It is a pleasure, Mrs Main, to serve under your chairmanship. I will make a short speech, and allow as much time as possible for interventions.
Clearly, everyone is concerned about the rise in the number of cases of bacterial infection, whether campylobacter, MRSA or blood poisoning from E. coli, cases of which have increased by nearly 400% in the last 20 years. What makes the problem so much more alarming is the accompanying rise in resistance to those infections. As the Minister will know, antibiotic resistance is a growing worldwide problem. We cannot yet call it a crisis in the UK, but some indications are ominous, particularly as no new antibiotics are in the development pipeline to treat some important infections. It should be noted that, when resistance problems occur, the cost to the NHS of successfully treating a patient may increase between 10 and 100 times.
The Government’s assessment is that most of the resistance problems that affect UK patients can be blamed on the inappropriate use of antibiotics in human medicine. I am sure that is true, but the antibiotics used in veterinary and human medicine are closely related, and a growing body of evidence indicates that, for some serious infections, the inappropriate use of antibiotics on farms leads to the development of resistance among farm animals that can and does pass to humans. Sir Liam Donaldson, former chief medical officer, starkly acknowledged that in his annual report three years ago in 2009, when he said of antibiotics:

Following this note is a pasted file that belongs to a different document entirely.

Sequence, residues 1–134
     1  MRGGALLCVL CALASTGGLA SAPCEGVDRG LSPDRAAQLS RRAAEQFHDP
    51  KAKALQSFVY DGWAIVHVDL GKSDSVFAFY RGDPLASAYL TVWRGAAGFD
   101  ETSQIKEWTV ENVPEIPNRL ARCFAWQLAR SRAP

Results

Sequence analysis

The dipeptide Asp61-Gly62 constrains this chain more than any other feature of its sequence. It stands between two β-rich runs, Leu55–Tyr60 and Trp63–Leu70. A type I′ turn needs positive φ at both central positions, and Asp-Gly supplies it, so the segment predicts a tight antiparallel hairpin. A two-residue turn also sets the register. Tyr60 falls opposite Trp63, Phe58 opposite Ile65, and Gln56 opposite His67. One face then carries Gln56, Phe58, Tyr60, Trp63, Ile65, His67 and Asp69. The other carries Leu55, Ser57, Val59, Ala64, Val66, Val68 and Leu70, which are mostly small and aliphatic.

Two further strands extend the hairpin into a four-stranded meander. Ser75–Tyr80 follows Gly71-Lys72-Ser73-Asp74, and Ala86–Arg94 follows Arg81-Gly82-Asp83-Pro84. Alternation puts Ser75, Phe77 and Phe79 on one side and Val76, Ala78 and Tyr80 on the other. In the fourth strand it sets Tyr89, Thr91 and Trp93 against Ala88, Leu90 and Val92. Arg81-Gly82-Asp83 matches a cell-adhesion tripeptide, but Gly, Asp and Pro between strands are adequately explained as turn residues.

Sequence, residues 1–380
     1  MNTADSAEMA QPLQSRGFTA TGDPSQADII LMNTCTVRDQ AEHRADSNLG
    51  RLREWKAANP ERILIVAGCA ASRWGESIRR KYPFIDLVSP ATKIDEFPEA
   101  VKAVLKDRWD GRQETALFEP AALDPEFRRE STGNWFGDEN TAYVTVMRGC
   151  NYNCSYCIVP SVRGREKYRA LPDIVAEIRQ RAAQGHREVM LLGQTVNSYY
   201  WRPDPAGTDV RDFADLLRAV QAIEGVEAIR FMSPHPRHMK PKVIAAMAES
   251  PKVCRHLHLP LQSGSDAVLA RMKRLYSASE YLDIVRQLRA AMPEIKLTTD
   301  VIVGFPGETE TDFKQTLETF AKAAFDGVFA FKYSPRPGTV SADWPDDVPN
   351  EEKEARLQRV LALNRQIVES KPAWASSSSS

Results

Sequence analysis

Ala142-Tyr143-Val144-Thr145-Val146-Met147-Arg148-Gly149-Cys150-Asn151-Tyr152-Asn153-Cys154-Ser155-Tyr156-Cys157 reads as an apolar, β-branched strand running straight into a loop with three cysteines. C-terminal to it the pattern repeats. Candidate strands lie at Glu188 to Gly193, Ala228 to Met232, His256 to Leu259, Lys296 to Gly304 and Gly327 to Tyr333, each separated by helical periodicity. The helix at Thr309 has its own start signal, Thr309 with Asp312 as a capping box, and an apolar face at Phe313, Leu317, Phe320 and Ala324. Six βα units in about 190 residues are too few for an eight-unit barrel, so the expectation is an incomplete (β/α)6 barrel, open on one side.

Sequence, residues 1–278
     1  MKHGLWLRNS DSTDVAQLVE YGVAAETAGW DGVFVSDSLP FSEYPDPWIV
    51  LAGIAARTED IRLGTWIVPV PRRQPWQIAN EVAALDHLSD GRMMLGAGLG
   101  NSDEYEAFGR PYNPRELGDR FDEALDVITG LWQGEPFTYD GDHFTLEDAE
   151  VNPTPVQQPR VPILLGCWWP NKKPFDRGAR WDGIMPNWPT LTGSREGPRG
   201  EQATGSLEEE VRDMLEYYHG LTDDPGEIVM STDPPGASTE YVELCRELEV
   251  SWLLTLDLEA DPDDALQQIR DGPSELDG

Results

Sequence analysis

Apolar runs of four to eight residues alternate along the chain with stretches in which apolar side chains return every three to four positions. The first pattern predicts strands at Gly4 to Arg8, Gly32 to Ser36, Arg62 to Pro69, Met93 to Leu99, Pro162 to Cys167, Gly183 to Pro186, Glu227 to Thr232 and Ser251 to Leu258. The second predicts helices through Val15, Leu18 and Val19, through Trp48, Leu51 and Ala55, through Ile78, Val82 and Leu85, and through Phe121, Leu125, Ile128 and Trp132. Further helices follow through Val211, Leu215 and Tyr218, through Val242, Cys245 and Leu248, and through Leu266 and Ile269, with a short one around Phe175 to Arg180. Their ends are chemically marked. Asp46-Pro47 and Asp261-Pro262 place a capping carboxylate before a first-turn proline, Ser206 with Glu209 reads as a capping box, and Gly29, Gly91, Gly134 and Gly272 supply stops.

“every inappropriate or unnecessary use in animals or agriculture is potentially signing a death warrant for a future patient.”
For far too long, the link between the overuse and misuse of antibiotics in intensive farming and the serious threat from antibiotic resistance have been utterly ignored. For example, although I welcomed last year’s public warning from the current chief medical officer—
Sitting suspended for a Division in the House.
On resuming —
I had just quoted Sir Liam Donaldson, on
“a death warrant for a future patient”,
as a result of the overuse of antibiotics, and I had complained that the British Government have routinely ignored the link between antibiotics in intensive farming and the public health threat. I was about to cite the current chief medical officer, Professor Dame Sally Davies, on the growing problems of resistant strains of bugs, as well as the Health Protection Agency in November. It was striking that the message focused 100% on over-prescribing by doctors, with zero mention of the use of antibiotics in the livestock industry.